Those are really just rolling spreaders, not a true dolly in the traditional sense. They will not absorb any bumbs you go over, so unless you are on a blemish-free studio floor, it will not be smooth. Think of how rolling stands go over ground. Rolling makes it easier to get around, but can be very bumby, jerky.

If you really want a smooth shot and are shooting on uneven or bumby ground you need to have dolly track. You can rent a doorway dolly and a few sections of track for less than $100/day, or less if you rent for a week. You can then put your tripod directly on the dolly (sideboards and sandbags ought to be used).
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#8 Tim O'Connor

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Posted 05 March 2009 - 04:51 AM

Also, where are you shooting? Are you outdoors, someplace where it would work to put that camera on a sandbag
on the hood of your car, frame it up, level and secure it and then put the car in neutral and push it? For certain shots
that can work suitably and could save you some money.
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#9 Ira Ratner

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Posted 06 March 2009 - 06:06 AM

Graham, here's a dolly I made out of PVC and an old pair of rollerblades that rides on PVC track--under 25 bucks. You either cover it with a piece of plywood and attach fasteners for the legs, or just drill holes into the PVC and stick the legs in:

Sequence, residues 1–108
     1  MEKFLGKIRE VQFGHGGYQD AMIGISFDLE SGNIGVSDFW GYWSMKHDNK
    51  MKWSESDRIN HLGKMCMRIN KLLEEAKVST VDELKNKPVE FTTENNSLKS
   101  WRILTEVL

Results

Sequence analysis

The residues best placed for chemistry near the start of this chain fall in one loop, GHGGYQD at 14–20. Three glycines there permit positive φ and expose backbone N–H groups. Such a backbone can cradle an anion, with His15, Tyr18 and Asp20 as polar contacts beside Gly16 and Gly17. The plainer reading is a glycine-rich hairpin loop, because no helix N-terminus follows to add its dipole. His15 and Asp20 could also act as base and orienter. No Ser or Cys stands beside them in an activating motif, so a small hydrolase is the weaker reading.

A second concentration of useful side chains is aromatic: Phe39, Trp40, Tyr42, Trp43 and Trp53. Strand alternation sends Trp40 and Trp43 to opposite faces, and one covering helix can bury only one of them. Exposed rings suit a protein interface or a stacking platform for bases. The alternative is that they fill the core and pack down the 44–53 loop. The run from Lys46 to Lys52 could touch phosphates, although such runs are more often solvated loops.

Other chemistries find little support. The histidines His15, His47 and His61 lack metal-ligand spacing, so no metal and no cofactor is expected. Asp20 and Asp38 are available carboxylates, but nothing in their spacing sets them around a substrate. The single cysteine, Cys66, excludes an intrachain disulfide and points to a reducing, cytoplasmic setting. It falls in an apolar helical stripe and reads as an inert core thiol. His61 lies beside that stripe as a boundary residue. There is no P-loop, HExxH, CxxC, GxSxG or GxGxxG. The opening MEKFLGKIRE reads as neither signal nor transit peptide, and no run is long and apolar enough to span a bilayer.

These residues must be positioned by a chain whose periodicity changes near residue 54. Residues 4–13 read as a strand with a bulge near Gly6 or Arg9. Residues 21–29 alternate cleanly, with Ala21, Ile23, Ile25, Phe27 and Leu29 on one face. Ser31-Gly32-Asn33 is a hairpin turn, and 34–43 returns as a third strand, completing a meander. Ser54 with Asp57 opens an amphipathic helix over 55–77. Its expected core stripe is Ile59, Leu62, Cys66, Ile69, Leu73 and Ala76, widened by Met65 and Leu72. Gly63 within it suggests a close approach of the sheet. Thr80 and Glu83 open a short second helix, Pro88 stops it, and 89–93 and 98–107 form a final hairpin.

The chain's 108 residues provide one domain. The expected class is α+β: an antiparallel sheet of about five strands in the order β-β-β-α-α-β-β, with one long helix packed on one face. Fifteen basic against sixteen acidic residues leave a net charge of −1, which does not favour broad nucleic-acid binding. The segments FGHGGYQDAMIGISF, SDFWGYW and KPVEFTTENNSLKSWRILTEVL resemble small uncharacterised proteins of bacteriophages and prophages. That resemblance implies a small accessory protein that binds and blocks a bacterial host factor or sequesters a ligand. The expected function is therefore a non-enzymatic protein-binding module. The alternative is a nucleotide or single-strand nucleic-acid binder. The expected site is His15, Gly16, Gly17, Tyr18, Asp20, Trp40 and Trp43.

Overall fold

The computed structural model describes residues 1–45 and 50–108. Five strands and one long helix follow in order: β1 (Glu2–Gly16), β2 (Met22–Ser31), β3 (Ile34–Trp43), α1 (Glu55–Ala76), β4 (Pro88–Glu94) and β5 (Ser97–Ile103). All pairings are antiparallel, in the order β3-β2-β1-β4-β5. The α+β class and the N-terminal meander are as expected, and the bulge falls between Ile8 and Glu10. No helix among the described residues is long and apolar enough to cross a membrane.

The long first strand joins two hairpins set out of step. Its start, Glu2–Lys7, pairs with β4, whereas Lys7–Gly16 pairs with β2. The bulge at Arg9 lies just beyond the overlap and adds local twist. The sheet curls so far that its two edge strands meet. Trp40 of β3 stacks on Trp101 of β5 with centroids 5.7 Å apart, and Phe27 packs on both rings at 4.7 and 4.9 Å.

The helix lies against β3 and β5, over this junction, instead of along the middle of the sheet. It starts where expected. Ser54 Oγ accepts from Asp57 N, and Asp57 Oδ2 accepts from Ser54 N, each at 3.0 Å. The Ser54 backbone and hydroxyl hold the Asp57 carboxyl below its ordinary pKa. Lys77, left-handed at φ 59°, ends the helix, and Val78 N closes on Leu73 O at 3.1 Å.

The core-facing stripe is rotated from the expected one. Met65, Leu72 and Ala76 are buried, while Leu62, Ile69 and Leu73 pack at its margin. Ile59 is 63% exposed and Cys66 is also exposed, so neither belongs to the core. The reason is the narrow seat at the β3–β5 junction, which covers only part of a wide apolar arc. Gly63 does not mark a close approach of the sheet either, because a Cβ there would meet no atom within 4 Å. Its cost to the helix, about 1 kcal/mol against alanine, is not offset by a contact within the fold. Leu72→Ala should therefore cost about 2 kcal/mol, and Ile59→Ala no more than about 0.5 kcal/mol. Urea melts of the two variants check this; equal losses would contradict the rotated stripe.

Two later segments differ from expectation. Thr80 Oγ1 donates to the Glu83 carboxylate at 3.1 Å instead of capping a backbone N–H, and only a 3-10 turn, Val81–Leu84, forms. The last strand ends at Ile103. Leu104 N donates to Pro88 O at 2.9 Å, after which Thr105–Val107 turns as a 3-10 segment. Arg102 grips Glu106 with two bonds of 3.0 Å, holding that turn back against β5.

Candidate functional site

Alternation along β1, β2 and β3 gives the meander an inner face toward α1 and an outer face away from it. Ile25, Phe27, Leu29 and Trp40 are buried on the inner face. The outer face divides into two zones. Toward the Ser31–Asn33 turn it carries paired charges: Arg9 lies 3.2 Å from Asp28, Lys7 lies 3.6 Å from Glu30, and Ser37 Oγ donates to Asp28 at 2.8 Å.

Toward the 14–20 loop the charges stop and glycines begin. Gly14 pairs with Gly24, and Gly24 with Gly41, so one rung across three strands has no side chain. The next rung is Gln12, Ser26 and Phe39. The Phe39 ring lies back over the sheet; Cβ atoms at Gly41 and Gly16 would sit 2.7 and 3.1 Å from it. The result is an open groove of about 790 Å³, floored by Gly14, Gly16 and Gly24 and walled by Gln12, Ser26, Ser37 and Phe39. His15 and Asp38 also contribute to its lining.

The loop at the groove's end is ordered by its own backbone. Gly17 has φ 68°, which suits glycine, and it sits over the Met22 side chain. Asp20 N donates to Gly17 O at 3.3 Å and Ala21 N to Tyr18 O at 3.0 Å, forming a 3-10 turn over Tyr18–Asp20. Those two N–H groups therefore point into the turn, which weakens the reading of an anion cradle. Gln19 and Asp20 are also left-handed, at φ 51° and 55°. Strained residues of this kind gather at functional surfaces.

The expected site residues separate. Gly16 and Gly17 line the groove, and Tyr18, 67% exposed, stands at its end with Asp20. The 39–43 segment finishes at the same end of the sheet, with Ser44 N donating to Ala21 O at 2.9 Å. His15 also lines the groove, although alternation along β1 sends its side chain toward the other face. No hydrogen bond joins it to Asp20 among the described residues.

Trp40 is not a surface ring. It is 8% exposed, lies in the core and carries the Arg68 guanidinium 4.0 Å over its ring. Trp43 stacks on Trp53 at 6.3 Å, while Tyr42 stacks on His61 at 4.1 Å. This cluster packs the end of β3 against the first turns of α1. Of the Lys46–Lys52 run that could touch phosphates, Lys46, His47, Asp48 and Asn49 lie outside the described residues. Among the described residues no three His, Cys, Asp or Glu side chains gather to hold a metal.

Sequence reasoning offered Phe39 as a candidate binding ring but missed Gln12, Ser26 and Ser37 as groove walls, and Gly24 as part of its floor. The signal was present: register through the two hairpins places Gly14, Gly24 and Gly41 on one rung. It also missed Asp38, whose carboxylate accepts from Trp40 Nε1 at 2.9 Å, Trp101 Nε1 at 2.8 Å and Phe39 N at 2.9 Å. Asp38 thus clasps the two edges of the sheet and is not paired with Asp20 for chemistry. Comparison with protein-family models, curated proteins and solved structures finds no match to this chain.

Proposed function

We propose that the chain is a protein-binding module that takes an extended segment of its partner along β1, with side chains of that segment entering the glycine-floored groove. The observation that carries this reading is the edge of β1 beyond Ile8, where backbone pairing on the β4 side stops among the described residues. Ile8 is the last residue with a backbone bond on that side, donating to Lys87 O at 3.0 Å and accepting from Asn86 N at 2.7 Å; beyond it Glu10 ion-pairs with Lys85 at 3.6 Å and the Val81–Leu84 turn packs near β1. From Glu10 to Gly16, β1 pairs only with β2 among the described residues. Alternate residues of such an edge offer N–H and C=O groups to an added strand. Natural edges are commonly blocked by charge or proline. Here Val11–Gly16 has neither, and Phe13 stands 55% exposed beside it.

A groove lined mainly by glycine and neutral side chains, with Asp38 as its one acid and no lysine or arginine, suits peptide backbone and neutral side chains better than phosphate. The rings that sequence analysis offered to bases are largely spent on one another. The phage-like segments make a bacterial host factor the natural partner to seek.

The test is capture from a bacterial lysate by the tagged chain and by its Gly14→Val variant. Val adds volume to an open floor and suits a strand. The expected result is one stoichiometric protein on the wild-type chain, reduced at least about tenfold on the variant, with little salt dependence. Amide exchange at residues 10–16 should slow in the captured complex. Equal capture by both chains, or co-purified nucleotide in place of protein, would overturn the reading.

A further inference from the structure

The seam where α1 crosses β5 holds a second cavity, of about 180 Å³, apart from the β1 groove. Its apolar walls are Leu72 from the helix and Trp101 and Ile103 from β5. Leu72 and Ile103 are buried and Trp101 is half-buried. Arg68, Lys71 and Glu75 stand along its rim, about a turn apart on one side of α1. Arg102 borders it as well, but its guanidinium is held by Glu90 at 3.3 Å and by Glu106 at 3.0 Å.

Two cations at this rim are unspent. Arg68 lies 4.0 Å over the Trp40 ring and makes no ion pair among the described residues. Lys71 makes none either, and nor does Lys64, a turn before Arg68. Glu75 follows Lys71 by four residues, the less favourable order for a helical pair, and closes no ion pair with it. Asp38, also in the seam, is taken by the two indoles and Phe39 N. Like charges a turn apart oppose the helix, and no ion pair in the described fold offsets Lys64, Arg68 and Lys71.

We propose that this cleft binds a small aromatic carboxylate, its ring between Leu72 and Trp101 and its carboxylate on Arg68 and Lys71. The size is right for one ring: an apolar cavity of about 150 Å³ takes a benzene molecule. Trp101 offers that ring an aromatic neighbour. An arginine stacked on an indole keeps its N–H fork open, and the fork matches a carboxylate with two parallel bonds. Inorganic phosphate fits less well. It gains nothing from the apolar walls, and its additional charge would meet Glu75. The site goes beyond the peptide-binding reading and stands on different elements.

http://www.cinematog...h...67&hl=dolly

If you want more specifics about PVC lengths, diameters, etc., let me know. But you can put the whole thing together in a few hours:

Edited by Ira Ratner, 06 March 2009 - 06:08 AM.

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#10 Alex Mizin

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Posted 07 April 2009 - 06:06 PM

Graham, here's a dolly I made out of PVC and an old pair of rollerblades that rides on PVC track--under 25 bucks. You either cover it with a piece of plywood and attach fasteners for the legs, or just drill holes into the PVC and stick the legs in:

http://www.cinematog...h...67&hl=dolly

If you want more specifics about PVC lengths, diameters, etc., let me know. But you can put the whole thing together in a few hours:



We have recently used a DigiDolly kit with great effect. Very light frame and track onto which you plant your tripod. Here in AUS its 65$ a day for hire.
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#11 ernesto valverde

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Posted 12 April 2009 - 09:19 PM

hi. i have used the PVC with rollingskates wheels and it has worked just fine. its armed in less than 2 minutes and on the table can go at least to persons. the camera and the a.c.
its has also some disadvantages like you to be on a flat floor because the PVC its kind of fragile, but putting some wood tables, or some gypsum board the problem can be solved. also you can't to double the PVC, so all the ways are straights.
the dolly track is easy to make and its has save me the day many many times.
good luck.